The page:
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Process Trailers


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#1 Brian Yankou

Brian Yankou

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  • Bronx, NY

Posted 30 June 2011 - 01:19 AM

Hi everybody!

I'm going to be gripping on an indie feature that will be using a process trailer for traveling car shots. I've worked with hood mounts and the like but this will be my first time dealing with a process trailer. What are some of the basic things I have to know in regards to rigging, safety, etc? What extra equipment (clamps, speed rail, ratchet straps, etc.) should we have on hand? Is there a basic rig configuration that you'd recommend as a starting point? I'm sure a lot of you have a lot of pictures of stuff you've done on trailers too.

Our preproduction meeting isn't until tomorrow so I don't have a lot of details about the trailer itself or what we'll be working with but since I wasn't able to find a thread on this subject, maybe the discussion can start off with more general advice and then I can ask about specifics for this job a bit later.

Thanks!
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#2 John David Miller

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Posted 30 June 2011 - 03:12 PM

Camera cars(CC) and process trailers(PT) are fun but dangerous.

I work with several DPs who are quite particular about several things in working on a PT. Unviversally, they all want the PT with the lowest ground clearance, a PT operator (CC driver) who is seasoned, and as little parallax between the car and camera as possible.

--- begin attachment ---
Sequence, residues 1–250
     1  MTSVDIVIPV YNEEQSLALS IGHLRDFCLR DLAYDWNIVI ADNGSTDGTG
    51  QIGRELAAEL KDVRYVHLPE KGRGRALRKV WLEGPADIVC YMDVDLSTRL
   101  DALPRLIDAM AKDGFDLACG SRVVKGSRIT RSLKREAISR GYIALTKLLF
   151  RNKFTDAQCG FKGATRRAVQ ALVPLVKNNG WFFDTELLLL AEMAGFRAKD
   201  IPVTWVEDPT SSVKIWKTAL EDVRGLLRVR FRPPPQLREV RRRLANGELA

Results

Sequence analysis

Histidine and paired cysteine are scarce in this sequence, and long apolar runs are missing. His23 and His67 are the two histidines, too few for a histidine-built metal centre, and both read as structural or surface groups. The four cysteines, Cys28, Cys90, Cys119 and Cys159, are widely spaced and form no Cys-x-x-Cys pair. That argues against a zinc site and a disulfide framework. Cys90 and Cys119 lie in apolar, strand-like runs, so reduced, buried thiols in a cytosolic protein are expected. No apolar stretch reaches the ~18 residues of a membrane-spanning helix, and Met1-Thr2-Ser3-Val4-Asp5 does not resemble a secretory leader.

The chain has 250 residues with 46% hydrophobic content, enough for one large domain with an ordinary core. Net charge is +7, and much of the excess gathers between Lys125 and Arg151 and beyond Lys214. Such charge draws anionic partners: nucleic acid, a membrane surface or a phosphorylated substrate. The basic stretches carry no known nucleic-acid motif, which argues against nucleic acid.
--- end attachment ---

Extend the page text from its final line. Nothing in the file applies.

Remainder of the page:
Usually when a CC/PT shows up to set the first thing I have the guys do is get the carts close. I build and rig a 8x8 frame with a ultrabounce (black down) over the CC for shade and glare. Tape a Furnipad across the level where the director/DP will be sitting. Have a few full apples for yourself, 1st AC, Gaffer. 1st AC will usually want a monitor rigged so a short arm and head, a 5/8 baby pin with 1/4" male stud should do the trick. Next is a getting a hero crate together that will ride with you. This should have a tape roll, scrap muslin, duvetyne, sash, cardellinis, #1&2 handclamps, a few chainvise grips, screwgun and bag(with grip chain), extra battery, heads and arms, lens flag, a few different flavors of diffusion/ND based on your situation.

Lighting is pretty straight forward. Use the pipe and fittings to put lights where they want them. Dont be afraid to ask the CC Op what he has to get a light in a tough place. Let him know you a new to this piece of equipment and ask him to pull you to the side if see's something wrong. Don't let ego get somebody hurt. Use pipe or head and arms to brace the lights and any diffusion frames you put up. Use diffusion frames that are tightly skinned to reduce noise.

Getting the picture car on the trailer should be happening ASAP. Once it is landed, use appleboxes and wedges to block up the car at all four tires. Once this is done have the Op strap down the car. This will minimize the parallax (the car bounces independently of the trailer). Any lighting done with stands on the PT should be chained down once set. Dolly track should be screwed down, level track relative to the car. You will be on uneven road remember. Have harnesses for those who want them. Ask the Op how many people can ride and let the 1st AD know. Pretty basic stuff. Do a walk around to look for loose gear before you head out.

Good luck!
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